When the other faction appears through the doorway, we sit down together. The difficulty in finding any sort of resolution lies in the fact that this meet is between the feeling of fear, and logic. In other words, neither side comes with the same level of bargaining power as the other. Let us say that the fear is of possible sickness, possible disaster, possible loss and that those on the side of logic just cannot get it. Why on this goodly earth would you allow to apocalypse something that hasn’t even happened and probably never will? It is tempting to go with that sensible, logical kind of thinking, but in the end a mistake. The thing about an illogical fear is that, when it is dismissed or suppressed in one guise, it will just evolve into another one, to return another time. It is like Covid, silently attacking at random, no rule of thumb, no logic.

What I do is this. I welcome both sides to the meeting. Hallo, I say. I see you. Let’s talk this through. I am the mediator after all. My varying fears are not silly. They are very real. Look at them, sitting smug on one side of this table, watching me. I decide to let them start. Even though it scares me, knowing how they can spin their spin. I take a deep breath. Courage mon brave! Describe yourselves, I say, and wait. They do. I follow them, watch them grow and develop themselves into monumental cataclysms.

We all do. The logic faction snorts derisively, but doesn’t interrupt. It’s not their turn yet. When it is, they deconstruct each possible cataclysmic development, turning it to dust. I feel rather sorry for my fears now. They just got annihilated by clever talk straight out of a textbook, and, yet, they are still here, albeit now looking a bit sheepish. They did embellish things somewhat, t’is true, and they probably wish they hadn’t gone as far as they did; the end of the world, death, destruction, mass murder, tsunamis etc etc. But when I consider each deliverance coolly, I can see a use for both factions. I can appreciate the need for fears as warnings, just as I can appreciate the need for logic. I can see that feelings are just feelings, and that thoughts are just thoughts. As I look around the table I notice they are all just children, the result of childhoods good and childhoods bad. We are not really opposing factions at all, but just vulnerable kids trapped in adult bodies. None of us are right and none of us are wrong. We are just different, have learned different ways to survive, different ways to cope, different ways to live.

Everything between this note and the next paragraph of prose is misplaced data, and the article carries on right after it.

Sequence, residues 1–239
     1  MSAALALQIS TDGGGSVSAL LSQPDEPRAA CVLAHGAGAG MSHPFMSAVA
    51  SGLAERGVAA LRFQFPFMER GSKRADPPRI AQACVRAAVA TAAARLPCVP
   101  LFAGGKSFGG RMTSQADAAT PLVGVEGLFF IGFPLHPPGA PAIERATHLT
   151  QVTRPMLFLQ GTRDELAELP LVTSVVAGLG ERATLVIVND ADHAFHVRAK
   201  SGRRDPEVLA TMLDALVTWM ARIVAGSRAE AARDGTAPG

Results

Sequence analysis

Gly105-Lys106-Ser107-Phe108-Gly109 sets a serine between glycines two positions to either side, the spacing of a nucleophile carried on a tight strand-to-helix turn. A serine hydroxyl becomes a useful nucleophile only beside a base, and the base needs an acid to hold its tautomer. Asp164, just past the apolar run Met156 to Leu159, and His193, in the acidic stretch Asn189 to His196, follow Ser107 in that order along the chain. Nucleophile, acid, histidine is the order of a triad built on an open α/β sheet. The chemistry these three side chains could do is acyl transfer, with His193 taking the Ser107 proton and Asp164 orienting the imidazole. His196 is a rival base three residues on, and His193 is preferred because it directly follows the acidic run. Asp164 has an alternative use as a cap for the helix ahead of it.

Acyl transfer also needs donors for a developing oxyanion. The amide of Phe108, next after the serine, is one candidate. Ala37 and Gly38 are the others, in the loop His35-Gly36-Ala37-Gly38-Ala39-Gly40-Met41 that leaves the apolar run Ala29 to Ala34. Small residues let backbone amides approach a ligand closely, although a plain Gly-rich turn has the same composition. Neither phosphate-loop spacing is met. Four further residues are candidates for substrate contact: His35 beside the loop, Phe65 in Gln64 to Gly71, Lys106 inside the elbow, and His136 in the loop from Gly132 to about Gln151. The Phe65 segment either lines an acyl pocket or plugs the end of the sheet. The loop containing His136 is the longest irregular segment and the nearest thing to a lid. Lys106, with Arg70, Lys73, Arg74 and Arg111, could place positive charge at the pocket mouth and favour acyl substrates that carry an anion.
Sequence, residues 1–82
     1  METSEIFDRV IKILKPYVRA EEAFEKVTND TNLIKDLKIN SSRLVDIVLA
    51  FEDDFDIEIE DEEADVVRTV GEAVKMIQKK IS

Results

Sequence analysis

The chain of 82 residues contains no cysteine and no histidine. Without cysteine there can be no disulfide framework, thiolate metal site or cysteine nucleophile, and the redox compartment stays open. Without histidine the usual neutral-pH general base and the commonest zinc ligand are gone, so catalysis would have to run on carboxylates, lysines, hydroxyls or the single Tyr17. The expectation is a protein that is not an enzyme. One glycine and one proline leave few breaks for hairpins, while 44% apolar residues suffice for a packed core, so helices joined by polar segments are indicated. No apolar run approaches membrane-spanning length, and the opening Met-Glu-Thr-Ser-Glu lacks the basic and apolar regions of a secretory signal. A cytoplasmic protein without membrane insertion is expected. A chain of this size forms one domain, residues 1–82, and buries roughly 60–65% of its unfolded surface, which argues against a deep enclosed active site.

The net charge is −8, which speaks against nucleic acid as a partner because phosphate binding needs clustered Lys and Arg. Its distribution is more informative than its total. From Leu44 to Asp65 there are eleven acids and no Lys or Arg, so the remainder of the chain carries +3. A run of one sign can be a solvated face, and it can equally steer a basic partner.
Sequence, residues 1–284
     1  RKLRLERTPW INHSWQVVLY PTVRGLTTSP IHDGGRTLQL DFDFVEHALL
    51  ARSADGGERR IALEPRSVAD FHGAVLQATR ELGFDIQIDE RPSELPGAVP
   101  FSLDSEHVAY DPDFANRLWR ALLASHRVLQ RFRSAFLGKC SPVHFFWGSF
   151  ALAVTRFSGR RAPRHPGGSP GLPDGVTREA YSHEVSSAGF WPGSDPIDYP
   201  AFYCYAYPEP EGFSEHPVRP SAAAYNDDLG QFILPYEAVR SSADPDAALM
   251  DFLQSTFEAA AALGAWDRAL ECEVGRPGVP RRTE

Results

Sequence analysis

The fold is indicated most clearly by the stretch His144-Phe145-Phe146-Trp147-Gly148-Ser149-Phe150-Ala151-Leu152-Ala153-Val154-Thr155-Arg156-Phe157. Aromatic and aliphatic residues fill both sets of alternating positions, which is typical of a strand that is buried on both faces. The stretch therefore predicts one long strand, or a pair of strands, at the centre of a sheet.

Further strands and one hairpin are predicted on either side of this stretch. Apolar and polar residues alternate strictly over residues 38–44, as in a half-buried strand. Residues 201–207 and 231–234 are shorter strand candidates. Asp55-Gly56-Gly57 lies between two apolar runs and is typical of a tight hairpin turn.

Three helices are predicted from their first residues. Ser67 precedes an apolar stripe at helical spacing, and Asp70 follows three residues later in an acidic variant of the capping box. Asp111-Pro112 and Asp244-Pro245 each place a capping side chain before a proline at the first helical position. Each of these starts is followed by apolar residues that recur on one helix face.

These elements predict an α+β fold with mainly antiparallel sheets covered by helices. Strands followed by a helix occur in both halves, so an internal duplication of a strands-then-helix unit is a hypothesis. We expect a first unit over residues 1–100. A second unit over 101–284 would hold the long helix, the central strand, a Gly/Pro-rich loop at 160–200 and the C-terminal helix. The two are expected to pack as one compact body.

I thank them all for coming. I employ sensibility and compassion, both coming straight from my heart and not my head. I acknowledge both fears and those on the side of logic. I tell them all they are valued and appreciated, in balance. I suggest they talk to each other without prejudice, open, interested, listening to what the other says instead of listening for an opportunity to contest. I feel the air soften around us and in my head. I tell them I am stepping out of the room for a bit, distancing myself. By the time I return with coffee they are chatting like old friends.

Although I know the fears will rise again, as they do for us all, that meeting of so-called opposing factions teaches me that we humans have enough heart to solve any problems, however overwhelming they might appear at first. The key is to appreciate whatever floats into a mind, to notice it, to say Hallo, sit down, let’s talk. Wishing fears away, or dismissing them with confounding logic, only holds sway for a short time. I know where my fears come from. Self-doubt, lack of self-confidence and from believing all the horror stories in the media. The world is not like that even if the tabloids and news programmes would have us believe it. We make up the world, we people, all of us. And we have big hearts, remember? I have also learned the art of stepping out of my own head, my own room, when fear and logic lock heads. Neither of them will win, this way. The removal of my sticky fingers, my gobby mouth and my imagination is always a good thing.

Let us take control of how we deal with our minds. Let us learn how to take a step back when turmoil hits the boardroom. Just through observation and without any attachment to either argument, we can solve any issues inside our brains.

It isn’t the world that needs fixing. It’s our minds. When they are seeing the good in everyone, the beauty in the life around us, when they decide to be unbiased and open, to step out of the current melodrama within and to think, instead, with our hearts, the world will automatically heal.

Island Blog – Keep the Girl – Write the Woman